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Working adults plug into online education

(BPT) - Many working adults begin using technology from the moment their alarm clocks go off. From checking emails on a tablet over morning coffee, to sending out social media...

(BPT) - Many working adults begin using technology from the moment their alarm clocks go off. From checking emails on a tablet over morning coffee, to sending out social media posts from a smartphone before they get into the office, technology allows people to be efficient and stay connected anytime, anyplace. This same technology is now playing an important role for individuals seeking alternative learning environments to continue their educations or grow their careers.

According to a national survey from University of Phoenix, 87 percent of working adults say there are benefits to online learning. Another survey reveals that 54 percent indicate they'll go back to school in the future and 48 percent are interested in taking an online class. So it is no surprise that universities are adjusting their online classroom offerings to cater to the technology working adults are currently using.

Today's technology makes education more personalized, more social and more accessible than ever before. This creates a more balanced and better learning experience for busy working learners.

'At University of Phoenix, technology is integrated into curriculum with resources such as a mobile app, interactive tutoring and PhoenixConnect, a social network that encourages idea-sharing among students, faculty and alumni,' says University of Phoenix School of Business Dean Dr. Bill Berry. 'Students can connect to the classroom and discussions from all over the world.'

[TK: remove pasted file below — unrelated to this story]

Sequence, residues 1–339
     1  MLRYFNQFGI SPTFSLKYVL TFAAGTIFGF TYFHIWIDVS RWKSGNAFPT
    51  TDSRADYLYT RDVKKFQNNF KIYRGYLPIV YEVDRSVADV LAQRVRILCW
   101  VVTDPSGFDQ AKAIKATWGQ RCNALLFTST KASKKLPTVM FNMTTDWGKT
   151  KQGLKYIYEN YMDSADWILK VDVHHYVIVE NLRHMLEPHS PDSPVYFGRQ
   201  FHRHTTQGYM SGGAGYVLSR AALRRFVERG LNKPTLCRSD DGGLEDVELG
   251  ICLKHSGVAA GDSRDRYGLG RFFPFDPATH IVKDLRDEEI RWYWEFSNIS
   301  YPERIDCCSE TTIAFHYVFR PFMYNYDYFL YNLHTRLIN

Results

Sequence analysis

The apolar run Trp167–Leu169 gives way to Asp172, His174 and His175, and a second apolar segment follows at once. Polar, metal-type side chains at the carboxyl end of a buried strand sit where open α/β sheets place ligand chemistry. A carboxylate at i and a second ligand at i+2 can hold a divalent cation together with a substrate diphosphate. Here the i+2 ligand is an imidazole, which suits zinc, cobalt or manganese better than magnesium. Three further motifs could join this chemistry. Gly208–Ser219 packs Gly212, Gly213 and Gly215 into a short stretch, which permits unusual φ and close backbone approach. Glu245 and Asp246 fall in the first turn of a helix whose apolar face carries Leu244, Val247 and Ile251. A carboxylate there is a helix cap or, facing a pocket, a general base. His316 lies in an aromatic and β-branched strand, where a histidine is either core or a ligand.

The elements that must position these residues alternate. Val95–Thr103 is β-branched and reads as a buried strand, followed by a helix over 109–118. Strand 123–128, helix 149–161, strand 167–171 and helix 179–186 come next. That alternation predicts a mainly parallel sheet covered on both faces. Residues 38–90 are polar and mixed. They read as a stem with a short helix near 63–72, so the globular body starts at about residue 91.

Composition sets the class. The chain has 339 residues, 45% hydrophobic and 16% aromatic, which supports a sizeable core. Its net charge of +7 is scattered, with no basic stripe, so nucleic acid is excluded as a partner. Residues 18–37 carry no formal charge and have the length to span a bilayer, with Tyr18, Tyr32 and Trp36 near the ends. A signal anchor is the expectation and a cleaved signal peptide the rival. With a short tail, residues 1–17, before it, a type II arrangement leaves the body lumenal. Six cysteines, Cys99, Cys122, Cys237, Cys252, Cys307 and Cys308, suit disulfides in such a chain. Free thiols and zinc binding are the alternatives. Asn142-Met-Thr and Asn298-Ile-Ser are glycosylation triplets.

The University's online classroom has also been upgraded to provide students a more customized learning environment, including visual, auditory and written learning opportunities that cater to varying learning styles. This new classroom also incorporates elements of social media, spurs more student collaboration and reflects the contemporary online experience that working adults are used to elsewhere on the Web.

Even with technology upgrades, students still need to manage their education to make certain they get the most out of it. Dr. Berry offers these tips:

* Be knowledgeable about the available resources - Ask about the technology learning options available before signing up for a degree program, and research whether mentors are available in the community. Learn how best to use these resources to help dedicate the time needed for classwork once enrolled in the program.

* Build a support network - Earning a college degree doesn't just involve the student. The student's family, employer and friends are also involved, both directly and in supportive roles. Gain their buy-in and look for ways to involve them in your education. Setting up study times with your children or leading a case study discussion at work are just two of the ways you can involve other stakeholders in your education.

* Enhance time management skills - Strong time management skills help students avoid being overwhelmed when they add school work and classes to an already busy schedule. Before starting a program, set aside specific hours during the week that are dedicated to school work. As the program starts, review deadlines and establish mini deadlines to accomplish smaller parts of each assignment to help break up the project.

* Leverage the network - Once a degree is earned, networking can help you get the most out of what you have learned. Universities are setting up their own academic social networks leveraging LinkedIn, Facebook and Twitter to provide ongoing career support and connect alumni, students and faculty members.

For the nearly half of working adults who are interested in taking an online course, plugging into online education is easier than ever before. Now you can receive real-time alerts when grades are posted or participate in a discussion forum with classmates around the world - all before that morning cup of coffee has finished brewing.

To learn more about University of Phoenix education programs, as well as find additional resources, visit www.phoenix.edu.

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